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Mobile phone usage within hospitals - the reality: A-136

Campbell, P.; Macmillan, S.

European Journal of Anaesthesiology: May 2005 - Volume 22 - Issue - p 37–38
Ambulatory Anaesthesia

Department of Anaesthetics and Intensive Care, Victoria Infirmary, Glasgow, United Kingdom

Background and Goal of Study: Mobile phones and wireless technology have become a major part of modern life. It is estimated that 85% of UK households own a mobile phone1. The Medicines and Healthcare products Regulatory Authority (MHRA) produced new recommendations about mobile communication systems in August 20042. Many UK hospitals ban all use of mobile phones within hospital buildings. Despite this, many people in hospitals continue to use mobile phones, yet the authors could find no data supporting this observation. This study assesses the current level of mobile phone usage within two city teaching hospitals.

Materials and Methods: A simple, anonymous, ‘yes/no’ questionnaire was used. 444 questionnaires were distributed to and completed by staff in two city teaching hospitals over a 48 hour period. Completed forms were divided into three staff categories: group 1 = nursing, group 2 = medical, group 3 = others - cardiology technicians, domestic staff, medical physicists, pharmacists, etc.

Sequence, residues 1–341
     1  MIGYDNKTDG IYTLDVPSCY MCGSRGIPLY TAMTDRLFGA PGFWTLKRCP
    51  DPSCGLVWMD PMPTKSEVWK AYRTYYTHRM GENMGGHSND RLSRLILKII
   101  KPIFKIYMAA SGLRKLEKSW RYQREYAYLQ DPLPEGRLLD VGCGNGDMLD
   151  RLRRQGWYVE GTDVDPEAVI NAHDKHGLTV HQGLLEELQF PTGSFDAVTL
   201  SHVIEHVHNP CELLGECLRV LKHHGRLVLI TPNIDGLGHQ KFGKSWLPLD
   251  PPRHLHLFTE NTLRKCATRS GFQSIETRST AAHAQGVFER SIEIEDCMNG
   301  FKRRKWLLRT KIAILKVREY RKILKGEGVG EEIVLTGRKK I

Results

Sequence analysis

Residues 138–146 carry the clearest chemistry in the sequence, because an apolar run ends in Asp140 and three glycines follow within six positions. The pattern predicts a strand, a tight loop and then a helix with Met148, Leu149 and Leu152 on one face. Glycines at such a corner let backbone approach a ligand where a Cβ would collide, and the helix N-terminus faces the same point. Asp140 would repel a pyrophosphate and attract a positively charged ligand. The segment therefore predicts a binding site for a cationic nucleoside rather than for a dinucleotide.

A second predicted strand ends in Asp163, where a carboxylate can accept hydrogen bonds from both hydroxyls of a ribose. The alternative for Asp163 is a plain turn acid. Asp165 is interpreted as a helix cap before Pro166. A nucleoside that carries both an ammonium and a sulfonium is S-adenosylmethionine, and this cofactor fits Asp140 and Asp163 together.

Results and Discussions: 60% of questionnaires were completed by nursing staff, 18% by medical staff and 22% by others. 94% (n = 417) owned a mobile phone, of which 90% (n = 376) regularly brought their mobile phone to work. Of those who brought their mobile phone to work, 46% (n = 174) admitted to having their mobile phone switched on in a clinical area. This equates to 39% of all staff having a mobile phone switched on in a clinical area. Whilst there is undoubtedly a degree of bias in this data, there appears to be a significant proportion of staff ignoring hospital policy. The authors suggest that these results represent an under-reporting of mobile phone usage within clinical areas.

Conclusion(s): Despite current hospital policy prohibiting use of mobile phones, this data suggests that more than a third of all hospital staff disregard this policy. These results support the MHRA statement that it is impossible to enforce a mobile phone ban effectively, and endorse the MHRA recommendation that healthcare providers should actively manage wireless technology2.

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1 Consumers' use of fixed and mobile telephony, Q13 May 2003. Oftel. Jul 2003.
2 Mobile Communication Systems. MHRA, Department of Health, UK. Aug 2004.
© 2005 European Society of Anaesthesiology